George Saunders, author of 'Lincoln in the Bardo'
George Saunders, author of 'Lincoln in the Bardo'
Image: Getty

Yet another Man Booker literary prize has been announced, and if you are confused, you are not alone. Doesn’t the Booker only get announced in October? Hasn’t the Man Booker International Prize just been awarded? What’s this new one? The Golden Man Booker? Didn’t Salman Rushdie win The Best of Booker with Midnight’s Children 10 years ago?

Once the behemoth of British literary prizes, the Man Booker seems to be losing its way, scrabbling for stunts that will keep it in the public eye but its impact is fast becoming diluted.

There was a day when just to be longlisted for the prize meant a spike in sales and interest. People would buy the entire shortlist, and when the winner was announced, sales went off the charts. In 2009, Hilary Mantel’s Wolf Hall had sold just 13,000 copies when it was longlisted. By the time she won the prize, she had sold 225,000 in hardback alone - not counting paperback and ebook editions.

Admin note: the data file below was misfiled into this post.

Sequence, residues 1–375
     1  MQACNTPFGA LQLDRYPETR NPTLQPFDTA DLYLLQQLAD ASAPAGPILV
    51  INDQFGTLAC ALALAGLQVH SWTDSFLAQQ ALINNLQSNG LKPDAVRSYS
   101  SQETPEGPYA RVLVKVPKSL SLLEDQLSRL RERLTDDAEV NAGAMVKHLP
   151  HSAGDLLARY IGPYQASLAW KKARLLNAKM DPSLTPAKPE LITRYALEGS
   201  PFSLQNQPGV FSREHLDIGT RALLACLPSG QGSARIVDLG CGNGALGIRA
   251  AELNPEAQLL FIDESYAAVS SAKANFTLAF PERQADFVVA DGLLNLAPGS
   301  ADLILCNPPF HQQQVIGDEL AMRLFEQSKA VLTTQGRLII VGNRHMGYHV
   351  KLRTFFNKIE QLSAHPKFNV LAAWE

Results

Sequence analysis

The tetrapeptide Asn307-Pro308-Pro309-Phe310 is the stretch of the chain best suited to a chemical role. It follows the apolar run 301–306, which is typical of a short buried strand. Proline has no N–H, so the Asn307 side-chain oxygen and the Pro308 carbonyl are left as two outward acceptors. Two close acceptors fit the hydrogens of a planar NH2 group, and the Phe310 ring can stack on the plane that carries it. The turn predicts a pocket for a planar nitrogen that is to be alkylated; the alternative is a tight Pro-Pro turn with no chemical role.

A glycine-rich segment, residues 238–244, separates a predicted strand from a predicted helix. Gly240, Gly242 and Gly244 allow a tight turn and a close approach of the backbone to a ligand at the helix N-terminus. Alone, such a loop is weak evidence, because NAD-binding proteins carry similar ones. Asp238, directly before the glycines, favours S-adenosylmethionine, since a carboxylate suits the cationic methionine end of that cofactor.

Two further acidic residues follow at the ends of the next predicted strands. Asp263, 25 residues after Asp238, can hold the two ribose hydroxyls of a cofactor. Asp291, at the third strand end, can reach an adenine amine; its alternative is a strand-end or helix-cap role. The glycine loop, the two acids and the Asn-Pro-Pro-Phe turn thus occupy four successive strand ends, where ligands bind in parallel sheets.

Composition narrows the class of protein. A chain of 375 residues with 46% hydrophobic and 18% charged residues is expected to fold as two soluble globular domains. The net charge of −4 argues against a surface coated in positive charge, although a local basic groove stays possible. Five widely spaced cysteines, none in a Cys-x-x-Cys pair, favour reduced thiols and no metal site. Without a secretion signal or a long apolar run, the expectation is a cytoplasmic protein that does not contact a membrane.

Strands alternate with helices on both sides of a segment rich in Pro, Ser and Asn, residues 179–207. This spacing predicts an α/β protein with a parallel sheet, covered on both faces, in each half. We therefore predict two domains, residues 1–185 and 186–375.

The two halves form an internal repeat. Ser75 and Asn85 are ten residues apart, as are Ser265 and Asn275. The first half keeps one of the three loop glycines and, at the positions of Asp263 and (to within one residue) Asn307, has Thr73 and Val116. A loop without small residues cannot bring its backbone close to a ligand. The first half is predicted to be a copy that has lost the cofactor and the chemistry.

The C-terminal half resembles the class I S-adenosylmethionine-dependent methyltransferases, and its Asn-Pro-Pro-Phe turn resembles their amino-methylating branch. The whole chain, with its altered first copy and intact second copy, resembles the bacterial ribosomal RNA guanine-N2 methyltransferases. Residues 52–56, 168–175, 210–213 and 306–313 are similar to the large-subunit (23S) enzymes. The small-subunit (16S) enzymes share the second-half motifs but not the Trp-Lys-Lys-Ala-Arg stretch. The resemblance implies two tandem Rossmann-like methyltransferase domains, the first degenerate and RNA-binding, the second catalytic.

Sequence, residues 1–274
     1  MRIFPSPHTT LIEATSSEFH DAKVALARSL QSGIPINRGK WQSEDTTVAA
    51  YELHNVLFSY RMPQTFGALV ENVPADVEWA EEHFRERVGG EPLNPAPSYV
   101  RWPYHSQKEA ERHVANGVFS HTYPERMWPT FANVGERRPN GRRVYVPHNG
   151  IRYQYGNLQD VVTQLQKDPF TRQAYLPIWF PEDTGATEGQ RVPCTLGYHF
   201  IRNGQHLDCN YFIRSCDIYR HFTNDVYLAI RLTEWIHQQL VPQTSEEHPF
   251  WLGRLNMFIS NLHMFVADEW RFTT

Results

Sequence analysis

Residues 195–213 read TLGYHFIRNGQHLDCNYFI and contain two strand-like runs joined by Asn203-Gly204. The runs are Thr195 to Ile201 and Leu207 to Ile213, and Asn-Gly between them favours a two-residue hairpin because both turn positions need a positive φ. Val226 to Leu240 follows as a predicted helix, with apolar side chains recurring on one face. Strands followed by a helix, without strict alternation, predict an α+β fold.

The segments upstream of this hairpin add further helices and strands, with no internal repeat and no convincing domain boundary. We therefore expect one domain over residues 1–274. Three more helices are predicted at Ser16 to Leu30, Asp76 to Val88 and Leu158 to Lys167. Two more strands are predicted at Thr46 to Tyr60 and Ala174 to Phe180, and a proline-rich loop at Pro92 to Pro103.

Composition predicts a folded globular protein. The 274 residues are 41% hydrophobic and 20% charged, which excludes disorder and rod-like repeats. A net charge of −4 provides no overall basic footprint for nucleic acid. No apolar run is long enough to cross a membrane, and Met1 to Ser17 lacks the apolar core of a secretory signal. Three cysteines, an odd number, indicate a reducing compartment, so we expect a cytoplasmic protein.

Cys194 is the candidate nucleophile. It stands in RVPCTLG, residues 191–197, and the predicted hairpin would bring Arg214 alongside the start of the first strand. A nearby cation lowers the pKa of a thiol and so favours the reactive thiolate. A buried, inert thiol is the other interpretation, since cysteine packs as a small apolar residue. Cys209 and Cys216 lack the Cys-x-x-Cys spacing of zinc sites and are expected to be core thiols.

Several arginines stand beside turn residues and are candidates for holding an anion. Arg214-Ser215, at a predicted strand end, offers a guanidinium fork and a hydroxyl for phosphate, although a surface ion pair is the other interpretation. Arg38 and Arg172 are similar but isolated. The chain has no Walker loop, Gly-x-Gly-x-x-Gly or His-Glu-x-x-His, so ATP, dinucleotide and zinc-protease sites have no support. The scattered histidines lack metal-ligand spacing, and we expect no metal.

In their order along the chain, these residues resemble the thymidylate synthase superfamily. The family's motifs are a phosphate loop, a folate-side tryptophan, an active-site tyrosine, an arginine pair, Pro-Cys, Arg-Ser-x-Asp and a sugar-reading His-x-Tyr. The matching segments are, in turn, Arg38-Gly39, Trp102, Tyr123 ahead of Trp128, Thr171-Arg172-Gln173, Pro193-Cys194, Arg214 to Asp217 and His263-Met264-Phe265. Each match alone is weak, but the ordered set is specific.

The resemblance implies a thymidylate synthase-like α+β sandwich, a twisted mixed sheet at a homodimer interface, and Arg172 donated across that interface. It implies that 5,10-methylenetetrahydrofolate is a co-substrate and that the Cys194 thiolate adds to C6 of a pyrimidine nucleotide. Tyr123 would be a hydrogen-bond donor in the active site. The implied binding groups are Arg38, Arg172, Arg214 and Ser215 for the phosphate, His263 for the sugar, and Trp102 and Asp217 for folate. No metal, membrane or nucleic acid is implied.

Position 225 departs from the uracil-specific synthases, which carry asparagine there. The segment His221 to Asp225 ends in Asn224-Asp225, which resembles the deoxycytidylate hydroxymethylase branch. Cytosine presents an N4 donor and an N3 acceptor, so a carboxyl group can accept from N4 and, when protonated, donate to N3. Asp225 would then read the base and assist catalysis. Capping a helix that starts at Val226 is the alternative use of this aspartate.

The slide started in 2013 when the Booker committee announced it was throwing open the prize to anyone writing a novel in English. (It had previously been limited to novels by authors in the Commonwealth, including Ireland, South Africa and Zimbabwe.) Enter the Americans, exit exciting new and diverse voices from the Commonwealth. The shortlists in subsequent years have been stuffed with American authors; two have won it: Paul Beatty in 2016 with The Sellout and last year George Saunders with Lincoln in the Bardo.

Sales of books on both sides of the Atlantic have dropped and so has public interest. About 30 British publishers have signed a letter urging the award’s organisers to rescind their decision, pointing out the new rules have led to less diversity. 

This year marks the 50th anniversary of the prize and the organisers have planned a festival in London in July that will showcase previous winners. They’ve also announced the shortlist for the once-off “Golden Man Booker”. Five judges were asked to read every winner from a decade and to decide on the best book. Their choices are:

  • VS Naipaul - In a Free State
  • Penelope Lively - Moon Tiger
  • Michael Ondaatje - The English Patient
  • Hilary Mantel - Wolf Hall
  • George Saunders - Lincoln in the Bardo

The public has been asked to vote at

It’ll be interesting to see how many readers respond. To many, there’s a whiff of desperation as the prize loses its relevance and power.

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